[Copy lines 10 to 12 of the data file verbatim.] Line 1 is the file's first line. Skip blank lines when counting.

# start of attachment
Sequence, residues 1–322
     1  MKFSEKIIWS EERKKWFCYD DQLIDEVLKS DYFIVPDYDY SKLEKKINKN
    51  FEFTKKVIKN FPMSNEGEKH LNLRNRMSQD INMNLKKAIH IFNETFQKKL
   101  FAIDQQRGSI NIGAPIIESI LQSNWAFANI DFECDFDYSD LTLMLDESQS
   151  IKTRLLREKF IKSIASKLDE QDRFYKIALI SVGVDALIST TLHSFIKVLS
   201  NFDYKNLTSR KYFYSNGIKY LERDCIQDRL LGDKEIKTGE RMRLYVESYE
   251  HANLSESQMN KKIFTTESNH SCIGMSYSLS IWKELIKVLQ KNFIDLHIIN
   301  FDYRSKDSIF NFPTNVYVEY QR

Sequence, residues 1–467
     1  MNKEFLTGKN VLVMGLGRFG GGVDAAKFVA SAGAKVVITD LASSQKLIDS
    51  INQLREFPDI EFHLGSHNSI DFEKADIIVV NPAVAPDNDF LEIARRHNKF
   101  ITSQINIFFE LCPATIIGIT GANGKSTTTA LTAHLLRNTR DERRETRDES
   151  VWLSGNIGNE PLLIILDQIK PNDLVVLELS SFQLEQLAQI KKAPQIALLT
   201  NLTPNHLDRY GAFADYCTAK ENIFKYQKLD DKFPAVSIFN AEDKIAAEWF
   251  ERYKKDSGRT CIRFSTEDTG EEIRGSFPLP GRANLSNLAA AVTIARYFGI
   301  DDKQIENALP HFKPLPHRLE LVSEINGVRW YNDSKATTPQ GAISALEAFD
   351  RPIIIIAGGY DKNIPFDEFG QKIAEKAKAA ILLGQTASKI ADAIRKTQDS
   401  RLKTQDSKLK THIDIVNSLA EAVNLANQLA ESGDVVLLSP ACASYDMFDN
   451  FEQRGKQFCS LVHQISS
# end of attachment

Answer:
     1  MNKEFLTGKN VLVMGLGRFG GGVDAAKFVA SAGAKVVITD LASSQKLIDS
    51  INQLREFPDI EFHLGSHNSI DFEKADIIVV NPAVAPDNDF LEIARRHNKF
   101  ITSQINIFFE LCPATIIGIT GANGKSTTTA LTAHLLRNTR DERRETRDES